The methodology introduced here represents a scientific GIS based landscape planning tool and proves to be able to integrate the semi-operational analysis and evaluation of current and manageable future environmental conditions with states, processes and functions, potentials and risks. The iterative procedure of the model allows developing spatially explicit and implicit value measures for various requirements and demands from stakeholders and participants adapted to ecological site specific conditions. The central element of this methodology is a hierarchically structured collection of processes and functions from ecology, economy and socio-cultural values supplemented with a matrix defining possible functional superimpositions and a matrix demanding necessary buffer stripe areas in a multifunctional landscape.
The result of this work is a general assessment system adapted to the regional natural, cultural, political and economic conditions of the given case study area. As a further result, the goal oriented planning procedure is shown to be a useful tool to enhance communication, scenario development, planning and monitoring of land use developments. Therefore, this methodology can bridge the gap between ecological analysis, socio-economic demands and development of planning oriented scenarios in a transparent framework.

Keywords: landscape vision, Leitbild, multifunctional landscape, landscape planning, GIS, participation, landscape metrics

 

Habilitation

Title: Automated Geosynthesis: A transdisciplinary framework for real-time integrated holistic landscape analysis and decision support

Summary: This Habilitation thesis explores how existing spatio-temporal information can be generalised, expressed and formalised in computer models as an extended contribution to the Leitbild concept developed prior to this Habilitation thesis. An Open Geospatial Consortium web services orchestration framework combines existing geospatial methods and techniques to deliver additional value with the 'Automated Geosynthesis' approach detailed in this publication. Going beyond the technical developments the author demonstrates that environmental information can be immediately made available and post-processed towards indicator development for decision making as proposed in the Leitbild concept. Based on a wireless sensor network, planned and realised by the author of this thesis, the methods developed are applied to the western part of the Mondsee catchment in Austria and also tested in a groundwater aquifer characterisation programme in New Zealand. The results show, that international standards provide the basis for cross-domain implementations allowing complex multi-purpose tailored information delivery to those who need them. According to stakeholders, performance, efficiency and effectiveness in discovering, accessing, (pre-)processing and visualisation has been increased and brought intended added value for the (near real-time) decision making process.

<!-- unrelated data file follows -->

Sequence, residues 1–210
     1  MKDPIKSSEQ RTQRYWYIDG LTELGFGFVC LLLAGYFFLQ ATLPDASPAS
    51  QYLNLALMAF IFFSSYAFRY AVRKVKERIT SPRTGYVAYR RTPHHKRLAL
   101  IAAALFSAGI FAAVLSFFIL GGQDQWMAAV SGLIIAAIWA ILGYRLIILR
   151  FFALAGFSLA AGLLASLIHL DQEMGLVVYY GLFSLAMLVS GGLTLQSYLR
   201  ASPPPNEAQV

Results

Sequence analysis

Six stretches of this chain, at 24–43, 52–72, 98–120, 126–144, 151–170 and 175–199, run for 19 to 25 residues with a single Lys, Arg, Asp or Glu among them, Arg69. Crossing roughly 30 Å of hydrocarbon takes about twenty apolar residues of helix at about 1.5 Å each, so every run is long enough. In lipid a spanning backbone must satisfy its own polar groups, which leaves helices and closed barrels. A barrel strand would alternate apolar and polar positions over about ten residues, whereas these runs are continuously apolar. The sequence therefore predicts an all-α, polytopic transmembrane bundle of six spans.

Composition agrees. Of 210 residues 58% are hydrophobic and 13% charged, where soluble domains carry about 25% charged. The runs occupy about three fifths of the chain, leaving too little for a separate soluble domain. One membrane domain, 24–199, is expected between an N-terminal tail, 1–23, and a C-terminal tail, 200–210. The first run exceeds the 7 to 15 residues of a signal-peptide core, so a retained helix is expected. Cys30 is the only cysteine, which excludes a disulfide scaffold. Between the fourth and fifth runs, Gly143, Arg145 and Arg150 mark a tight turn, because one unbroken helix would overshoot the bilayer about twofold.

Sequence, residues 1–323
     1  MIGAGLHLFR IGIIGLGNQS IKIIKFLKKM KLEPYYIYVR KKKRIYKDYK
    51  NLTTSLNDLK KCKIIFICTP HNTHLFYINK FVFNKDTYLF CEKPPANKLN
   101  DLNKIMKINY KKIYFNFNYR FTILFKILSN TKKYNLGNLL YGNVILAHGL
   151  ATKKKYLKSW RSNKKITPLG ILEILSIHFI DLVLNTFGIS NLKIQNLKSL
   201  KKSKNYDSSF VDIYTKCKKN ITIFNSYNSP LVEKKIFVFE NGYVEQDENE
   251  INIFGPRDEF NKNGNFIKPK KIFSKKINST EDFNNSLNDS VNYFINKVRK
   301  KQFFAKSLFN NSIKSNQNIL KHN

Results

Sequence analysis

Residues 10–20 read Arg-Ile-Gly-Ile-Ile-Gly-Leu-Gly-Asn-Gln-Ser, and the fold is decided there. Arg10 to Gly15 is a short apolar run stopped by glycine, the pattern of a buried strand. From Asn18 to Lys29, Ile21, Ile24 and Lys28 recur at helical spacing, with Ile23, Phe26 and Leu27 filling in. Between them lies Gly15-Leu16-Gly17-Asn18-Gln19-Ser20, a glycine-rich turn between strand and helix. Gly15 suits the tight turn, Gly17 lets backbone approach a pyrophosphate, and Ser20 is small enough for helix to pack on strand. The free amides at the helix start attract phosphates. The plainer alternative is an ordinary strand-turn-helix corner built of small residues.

Keywords: Modelling, GIS, standards, OGC, automation